This is the basic text of my Maundy Thursday sermon at Wakefield Cathedral when the clergy gather to reaffirm their ordination vows:

2 Corinthians 4 (with reference to 1 Corinthians 11:23-26 and John 13:1-17, 31-35)

Treasure in clay jars. We don’t need any reminder of that, do we? We have no illusions about our fragility.

When I was a teenager I picked up a book from the bookstall at the front of the church I belonged to. It was white and it bore the title: ‘With a Church Like This Who Needs Satan?’ Even then it didn’t strike me as the most optimistic question. But, it also made me start thinking about what the Church should look like.

Of course, the problem with being a teenager is that you harbour ideals that you hope won’t get crushed by the onslaught of time and experience. Many of them do. Growing up inevitably sees the dreams and fantasies of youth get tempered and reshaped by the realities of life, events and other people.

It is equally true of the church that I as a teenager wanted it to be. I couldn’t understand why Christians were so consistently disappointing – or so obviously contradictory. Why couldn’t they just ‘get’ the gospel as I did and change the world? Why the constant passive aggression? Why the competitiveness and self-aggrandising self-regard – the holding onto roles or ministries as possessions and service as privilege? Of course, the irony passed me by: that here was I, arrogantly complaining about the arrogance and constant complaining of everybody else. Humility and humour have more than the first three letters in common.

I recall this encounter with Christian literature simply because any romantic notions about the church would certainly not survive scrutiny by the media or courts today. The Independent Inquiry into Child Sexual Abuse has just completed its first look at the Church of England, spending three weeks looking at the historic failures to protect vulnerable children and adults in the Diocese of Chichester. More will follow in the next fifteen months, and the discomfort and shame will continue. That a church could allow the conditions within which children could be abused so terribly is a source of shame with which those who love the church must learn to live.

However, I am not ashamed of the Church herself – or of those who are working so relentlessly to change the culture and make our churches safe for everyone. I am immensely grateful to those who, despite the barrage of inherited historical failures in safeguarding matters, keep plugging away at making it better. And, contrary to those who complain about the bureaucracy involved, or the cost of training and so on, we are attending to this because the church of Jesus Christ should never be an unsafe place for anyone. It goes without saying that people – especially vulnerable people – should find in the church a place of safety, hope and healing … not a place of threat, fear and exploitation.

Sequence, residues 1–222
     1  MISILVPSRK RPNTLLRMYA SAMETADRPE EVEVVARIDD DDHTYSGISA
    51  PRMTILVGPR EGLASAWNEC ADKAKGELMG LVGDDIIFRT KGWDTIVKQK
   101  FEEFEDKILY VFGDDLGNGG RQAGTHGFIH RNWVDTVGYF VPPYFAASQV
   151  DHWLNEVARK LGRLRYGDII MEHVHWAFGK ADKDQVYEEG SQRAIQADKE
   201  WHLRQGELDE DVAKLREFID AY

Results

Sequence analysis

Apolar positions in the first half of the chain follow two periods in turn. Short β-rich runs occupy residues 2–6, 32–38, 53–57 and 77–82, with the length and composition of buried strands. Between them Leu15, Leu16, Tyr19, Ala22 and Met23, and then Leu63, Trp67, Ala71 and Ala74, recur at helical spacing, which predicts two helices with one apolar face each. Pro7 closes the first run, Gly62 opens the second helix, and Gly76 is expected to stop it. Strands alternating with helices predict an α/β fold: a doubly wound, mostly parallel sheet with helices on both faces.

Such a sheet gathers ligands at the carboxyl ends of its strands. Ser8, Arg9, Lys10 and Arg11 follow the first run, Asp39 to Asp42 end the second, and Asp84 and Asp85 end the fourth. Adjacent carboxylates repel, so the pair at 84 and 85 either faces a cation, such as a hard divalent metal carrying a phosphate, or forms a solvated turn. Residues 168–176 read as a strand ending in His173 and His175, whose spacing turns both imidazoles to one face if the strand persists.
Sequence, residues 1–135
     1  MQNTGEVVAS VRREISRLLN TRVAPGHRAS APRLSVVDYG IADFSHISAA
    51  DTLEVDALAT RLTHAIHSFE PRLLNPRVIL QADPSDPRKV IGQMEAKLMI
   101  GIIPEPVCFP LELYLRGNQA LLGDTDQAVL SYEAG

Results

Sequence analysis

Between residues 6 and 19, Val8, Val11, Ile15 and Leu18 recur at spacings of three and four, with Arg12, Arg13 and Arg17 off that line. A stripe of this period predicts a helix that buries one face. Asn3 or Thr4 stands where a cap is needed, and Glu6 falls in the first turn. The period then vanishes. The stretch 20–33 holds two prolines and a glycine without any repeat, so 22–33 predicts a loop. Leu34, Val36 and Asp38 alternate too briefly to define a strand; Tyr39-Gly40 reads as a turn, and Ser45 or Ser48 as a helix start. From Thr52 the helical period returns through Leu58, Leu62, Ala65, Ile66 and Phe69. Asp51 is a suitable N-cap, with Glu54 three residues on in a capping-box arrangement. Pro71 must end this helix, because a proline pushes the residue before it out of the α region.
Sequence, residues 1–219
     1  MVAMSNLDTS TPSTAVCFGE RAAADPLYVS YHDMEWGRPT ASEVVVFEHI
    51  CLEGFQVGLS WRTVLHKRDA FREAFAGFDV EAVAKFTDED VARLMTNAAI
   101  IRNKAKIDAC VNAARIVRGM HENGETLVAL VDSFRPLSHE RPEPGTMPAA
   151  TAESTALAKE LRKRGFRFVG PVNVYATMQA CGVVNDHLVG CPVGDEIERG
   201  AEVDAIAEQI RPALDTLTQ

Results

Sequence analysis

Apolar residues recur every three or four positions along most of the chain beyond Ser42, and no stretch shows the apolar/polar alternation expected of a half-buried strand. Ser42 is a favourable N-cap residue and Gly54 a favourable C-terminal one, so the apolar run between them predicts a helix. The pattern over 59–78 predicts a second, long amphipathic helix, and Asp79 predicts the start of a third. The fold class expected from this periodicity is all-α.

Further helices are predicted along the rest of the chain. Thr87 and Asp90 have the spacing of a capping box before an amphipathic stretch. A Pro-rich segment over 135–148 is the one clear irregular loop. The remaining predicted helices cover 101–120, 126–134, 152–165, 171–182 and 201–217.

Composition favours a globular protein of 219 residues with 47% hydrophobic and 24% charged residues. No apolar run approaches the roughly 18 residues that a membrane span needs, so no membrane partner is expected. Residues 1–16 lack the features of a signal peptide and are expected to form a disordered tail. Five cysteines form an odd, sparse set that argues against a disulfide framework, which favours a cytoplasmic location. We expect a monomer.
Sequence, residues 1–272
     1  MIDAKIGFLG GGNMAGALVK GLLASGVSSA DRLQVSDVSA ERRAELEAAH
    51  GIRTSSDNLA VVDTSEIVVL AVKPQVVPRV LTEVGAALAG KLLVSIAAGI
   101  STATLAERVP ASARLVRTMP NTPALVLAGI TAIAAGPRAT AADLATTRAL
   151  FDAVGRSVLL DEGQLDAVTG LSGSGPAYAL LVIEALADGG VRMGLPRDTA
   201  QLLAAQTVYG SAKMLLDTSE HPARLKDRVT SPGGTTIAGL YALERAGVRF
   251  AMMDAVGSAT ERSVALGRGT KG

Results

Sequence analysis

I make no apologies for speaking of this miserable situation this morning. This week it is impossible for any of us to be romantic. In the story of Jesus and his friends we see a mirror of humanity and a face head on the reality of fickle human contradiction. Peter pledges macho allegiance to his friend, but caves in when confronted by a girl in a garden; Judas longs for his friend’s glory, but betrays him with a kiss; crowds shout praises, but soon call for blood; the men who had their feet washed by their friend now run, leaving the women watching to the end.

No illusions. No mystery. No tidy solutions. No glorious heroes.

Yet, emptied of fantasy, these people – people just like us – watch their hopes and dreams bleed into the dirt of a hill outside the city, leaving them crushed and empty. And, to their eternal surprise, they will discover that this world of shame and fear, of contradiction and disillusionment, will find itself whispered into hope as the emptiness of Saturday is followed by the surreptitious Sunday smile of a tomb with something missing.

Yes, this is the real world, too. This, too, is the world in which violence and shame and self-saving, flip-flopping destructiveness find themselves drained of power – their raging potency extinguished by a love that opens its arms to the world as it is and refuses to hide its face. This, too, is the real world in which death howls with resentment at the realisation that, despite the evidence of centuries, it does not, after all, have the final word.

This, brothers and sisters, is where our gospel hope is to be found – not in negating the pain and shame, but in seeing through it all to the reality of the inextinguishable light of a God who loves us to death … and beyond. And this is the gospel which compels us to give ourselves in service to this God and our neighbour.
When Jesus shared his final meal with his friends he knelt at the feet of the one who would soon deny knowing him, the one who would soon doubt him, and the one who would shortly betray him. Yet, these are the people he calls his friends. These are the people on whom he will build his church. These are the people whose illusions of self-satisfaction and self-sufficiency will be stripped away in the cruellest of crises, leaving them exposed to the darkness which will, in turn, give birth quietly to the light of what Walter Brueggemann calls “newness after loss”. And these are people like you and me.

And if this is not the real gospel which drives us, then we are missing the point; we are wasting our life; and the Church is perpetrating a fraud.